Online violence and redefining the “trolling” & “cyber-bullying” narratives.
Last summer I fell into advocacy for women online when I confronted on Twitter a young man in Sault Ste Marie who made a video game that let players simulate beating the crap out of feminist media critic Anita Sarkeesian. This was a particularly disgusting example of the kinds of online harassment and bigotry faced by women, people of colour, queer people, the whole gamut. From Anita Sarkeesian to the Toronto photographer on Reddit who anonymously confessed to taking secret photos of unsuspecting women’s body parts on the street, to the vicious harassment and slut-shaming of B.C. teen Amanda Todd (which may have been what claimed her life), the past year has borne many instances of how sexism and misogyny manifest online.
Getting more women into politics, technology, and media.
As founder of Women in Toronto Politics I’ve spoken and facilitated numerous discussions looking at how women are included, treated, and characterized as political voices – not just politicians themselves, but women who are interested in politics, women who discuss politics on social media, read and comment on articles about politics, women who study political science, etc. These are women whose passions are pushing them toward politics and not nearly enough of them run for office. Many factors influence these decisions, but the hideously sexist ways in which the media and the general public talk about women in politics is definitely one of them. A new Tumblr called “madampremier” does a great job of illustrating this.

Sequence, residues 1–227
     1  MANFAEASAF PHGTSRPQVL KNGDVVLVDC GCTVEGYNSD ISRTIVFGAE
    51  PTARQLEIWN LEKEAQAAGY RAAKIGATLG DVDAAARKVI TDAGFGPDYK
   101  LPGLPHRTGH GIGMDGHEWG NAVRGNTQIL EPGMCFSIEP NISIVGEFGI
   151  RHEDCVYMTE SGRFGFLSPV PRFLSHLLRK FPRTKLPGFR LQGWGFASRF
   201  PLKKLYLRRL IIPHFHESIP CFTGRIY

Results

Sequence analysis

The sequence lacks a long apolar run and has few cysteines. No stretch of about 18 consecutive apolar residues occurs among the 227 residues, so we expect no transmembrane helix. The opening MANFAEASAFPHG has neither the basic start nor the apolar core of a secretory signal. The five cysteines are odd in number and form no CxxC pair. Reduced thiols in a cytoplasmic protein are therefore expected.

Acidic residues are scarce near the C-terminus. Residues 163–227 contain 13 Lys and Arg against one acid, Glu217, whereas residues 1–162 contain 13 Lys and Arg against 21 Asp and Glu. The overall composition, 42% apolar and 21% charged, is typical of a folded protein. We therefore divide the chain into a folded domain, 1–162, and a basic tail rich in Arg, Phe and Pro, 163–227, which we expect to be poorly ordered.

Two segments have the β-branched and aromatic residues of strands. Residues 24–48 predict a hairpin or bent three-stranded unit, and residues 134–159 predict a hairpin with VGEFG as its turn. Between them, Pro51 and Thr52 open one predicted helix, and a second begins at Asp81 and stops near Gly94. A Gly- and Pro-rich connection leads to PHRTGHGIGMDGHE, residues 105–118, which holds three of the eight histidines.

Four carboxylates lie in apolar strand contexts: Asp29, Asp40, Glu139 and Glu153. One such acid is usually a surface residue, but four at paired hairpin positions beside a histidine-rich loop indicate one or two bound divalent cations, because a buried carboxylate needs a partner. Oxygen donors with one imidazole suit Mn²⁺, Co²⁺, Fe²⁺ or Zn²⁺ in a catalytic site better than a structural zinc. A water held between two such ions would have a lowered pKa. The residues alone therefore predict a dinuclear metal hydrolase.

Social media and activism.
It’s no secret that social media can be a great tool for getting the word out about a cause or issue, but that only scratches the surface of how useful it can be for an activist. Social media isn’t just for broadcasting your initiatives (in fact, that’s a pretty old-school way of thinking). It’s also for brainstorming ideas, finding collaborators and volunteers, and identifying the timely issues, moments, and problems that are ripe for an activist’s intervention.
Reel Talk | Interactive Film Screening
A night filled with fun, accessible discussions about depictions of gender, race, sexuality and other aspects of identity in pop culture. Through humour and pop culture criticism, Steph Guthrie & the team at Reel Talk guides audiences in exploring Hollywood’s good, bad and ugly sides when it comes to topics like feminism, consent, objectification and mental health. This is a new and engaging way to bring awareness to these relevant campus issues.